Meat factory concessions are long overdue, with processors accused of having “subverted fair competition for livestock and distorted trade” by the Irish Cooperative Organisation Society (ICOS).
The cooperative representative group is participating on behalf of the co-op marts in the beef industry talks taking place at Backweston between farmers, factories and officials from the Department of Agriculture.
In a hard-hitting statement, the group highlighted that, despite call outs to the meat industry for years for its practices in relation to the Quality Payment System and its “unreasonable restrictions on animal movements which are used to penalise farmers”, it took a major market downturn and direct suffering among beef farmers to bring factories to the table.
“Current measures by the factories radically exceed the provisions of the Bord Bia Beef and Lamb Quality Assurance Scheme which allows for movements between quality assured farms during the final 70-day period prior to slaughter,” the statement says.
These practices stop free trade in animals even though the livestock are compliant with the relevant regulations in Ireland and the UK.
“This has subverted fair competition for livestock and has distorted trade and pricing in Ireland and the UK.
“Through their ‘conditions’, the factories discriminate against livestock marts where they have effectively removed the trade in factory fit animals from the marts.
The so-called ‘quality standards’ force farmers to forego selling through the marts system – which has served to undermine free trade and proper price transparency.
ICOS also accused Irish factories of developing very large feedlots capable of a throughput of tens of thousands of animals.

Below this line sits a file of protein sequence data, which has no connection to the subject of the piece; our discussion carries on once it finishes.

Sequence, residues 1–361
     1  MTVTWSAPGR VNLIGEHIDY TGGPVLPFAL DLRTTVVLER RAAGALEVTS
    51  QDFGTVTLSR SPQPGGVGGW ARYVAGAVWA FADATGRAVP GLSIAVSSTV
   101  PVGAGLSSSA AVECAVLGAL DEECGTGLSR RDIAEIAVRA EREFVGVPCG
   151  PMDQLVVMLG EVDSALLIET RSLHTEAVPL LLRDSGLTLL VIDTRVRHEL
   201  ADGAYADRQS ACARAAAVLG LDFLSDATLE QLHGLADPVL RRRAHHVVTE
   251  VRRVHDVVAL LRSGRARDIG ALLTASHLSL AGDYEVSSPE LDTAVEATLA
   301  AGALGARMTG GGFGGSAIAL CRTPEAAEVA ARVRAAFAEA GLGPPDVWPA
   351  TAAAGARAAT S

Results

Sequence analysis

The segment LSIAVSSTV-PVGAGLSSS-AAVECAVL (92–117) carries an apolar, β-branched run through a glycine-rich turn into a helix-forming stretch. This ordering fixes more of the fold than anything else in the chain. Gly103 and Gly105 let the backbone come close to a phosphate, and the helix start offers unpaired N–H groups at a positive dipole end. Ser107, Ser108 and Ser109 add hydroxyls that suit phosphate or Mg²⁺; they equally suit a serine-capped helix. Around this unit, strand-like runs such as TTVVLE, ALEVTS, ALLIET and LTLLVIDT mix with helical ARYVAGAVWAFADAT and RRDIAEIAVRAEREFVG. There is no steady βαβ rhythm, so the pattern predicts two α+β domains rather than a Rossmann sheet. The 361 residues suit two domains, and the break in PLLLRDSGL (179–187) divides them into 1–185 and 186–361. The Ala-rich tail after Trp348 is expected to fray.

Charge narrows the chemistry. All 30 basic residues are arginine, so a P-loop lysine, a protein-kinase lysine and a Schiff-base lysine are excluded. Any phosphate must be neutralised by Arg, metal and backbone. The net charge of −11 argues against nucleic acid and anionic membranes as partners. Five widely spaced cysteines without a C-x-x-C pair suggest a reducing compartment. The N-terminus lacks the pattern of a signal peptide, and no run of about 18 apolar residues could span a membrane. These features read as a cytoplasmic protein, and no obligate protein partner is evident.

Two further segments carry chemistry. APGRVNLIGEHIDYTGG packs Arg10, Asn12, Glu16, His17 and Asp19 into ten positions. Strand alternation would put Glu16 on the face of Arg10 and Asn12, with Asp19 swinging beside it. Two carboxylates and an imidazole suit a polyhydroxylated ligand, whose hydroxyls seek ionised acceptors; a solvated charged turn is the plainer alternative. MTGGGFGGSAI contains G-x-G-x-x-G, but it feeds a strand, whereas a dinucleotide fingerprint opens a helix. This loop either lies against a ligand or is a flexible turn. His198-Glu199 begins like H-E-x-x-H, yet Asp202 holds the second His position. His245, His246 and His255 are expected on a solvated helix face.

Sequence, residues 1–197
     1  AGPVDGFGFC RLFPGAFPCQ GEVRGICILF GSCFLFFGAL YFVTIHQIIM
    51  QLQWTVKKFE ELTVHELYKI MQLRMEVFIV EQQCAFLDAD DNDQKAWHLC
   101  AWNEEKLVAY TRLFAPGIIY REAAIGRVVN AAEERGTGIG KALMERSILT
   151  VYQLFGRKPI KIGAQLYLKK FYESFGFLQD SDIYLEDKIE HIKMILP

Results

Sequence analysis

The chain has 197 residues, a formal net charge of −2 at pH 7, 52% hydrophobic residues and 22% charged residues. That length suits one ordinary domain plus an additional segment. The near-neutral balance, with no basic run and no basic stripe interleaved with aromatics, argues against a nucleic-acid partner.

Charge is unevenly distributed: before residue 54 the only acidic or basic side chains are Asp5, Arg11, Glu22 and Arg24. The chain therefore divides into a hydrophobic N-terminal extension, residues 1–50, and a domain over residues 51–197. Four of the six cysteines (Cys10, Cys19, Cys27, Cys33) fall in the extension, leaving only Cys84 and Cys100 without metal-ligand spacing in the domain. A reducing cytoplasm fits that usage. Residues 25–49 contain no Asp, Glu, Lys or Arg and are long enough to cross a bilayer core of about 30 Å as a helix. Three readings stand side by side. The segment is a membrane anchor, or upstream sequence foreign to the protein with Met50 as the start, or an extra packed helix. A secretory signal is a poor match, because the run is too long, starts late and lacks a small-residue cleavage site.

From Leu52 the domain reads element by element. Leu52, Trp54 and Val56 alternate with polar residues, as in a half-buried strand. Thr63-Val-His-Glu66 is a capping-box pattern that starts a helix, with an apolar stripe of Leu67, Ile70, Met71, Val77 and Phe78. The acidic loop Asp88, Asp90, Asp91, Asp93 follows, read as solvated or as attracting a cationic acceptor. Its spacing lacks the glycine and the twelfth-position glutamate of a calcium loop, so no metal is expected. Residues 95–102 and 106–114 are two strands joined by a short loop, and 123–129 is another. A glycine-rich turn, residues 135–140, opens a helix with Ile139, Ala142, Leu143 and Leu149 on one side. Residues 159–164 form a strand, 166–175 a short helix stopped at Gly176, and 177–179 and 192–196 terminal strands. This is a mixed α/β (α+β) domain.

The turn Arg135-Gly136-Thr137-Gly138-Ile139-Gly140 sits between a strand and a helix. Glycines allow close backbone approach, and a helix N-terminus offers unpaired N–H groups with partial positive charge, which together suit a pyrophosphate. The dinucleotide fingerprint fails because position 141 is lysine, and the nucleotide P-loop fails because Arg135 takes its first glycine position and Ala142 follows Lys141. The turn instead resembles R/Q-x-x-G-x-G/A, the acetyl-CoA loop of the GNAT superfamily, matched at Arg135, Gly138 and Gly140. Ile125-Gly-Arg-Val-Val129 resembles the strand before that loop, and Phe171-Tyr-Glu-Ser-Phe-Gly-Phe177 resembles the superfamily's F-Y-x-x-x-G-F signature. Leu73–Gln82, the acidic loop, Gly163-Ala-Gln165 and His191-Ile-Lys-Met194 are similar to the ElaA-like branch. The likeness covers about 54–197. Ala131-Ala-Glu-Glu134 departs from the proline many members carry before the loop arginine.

This, the cooperative association says, gives processors the capacity to increase supply at times of peak demand and to dampen market prices.
The organisation pointed out that farmers are also victim to a number of “contradictions and anomalies”, citing the launch of the Beef Emergency Aid Measure (BEAM) at the same time as calls for a reduction in the national suckler herd as part of climate action efforts.
Meanwhile, inefficiently produced Brazilian beef gains market access at a time when there is unconfined felling of the rainforests in that country.
Including the prospect of a no-deal Brexit and the “stranglehold” of the market by the processors, ICOS described the current farmers’ lot as “the perfect storm”.
“The co-operative marts enable free trade between farmers on a transparent basis, with guaranteed payment, and they help to maximise the value of livestock sales and products.
“The entire establishment including the EU, the Government and the meat industry must now act ever more strongly to enable market supports, to maximise prices for farmers and to ensure the future viability of the quality Irish beef sector,” the ICOS statement concluded.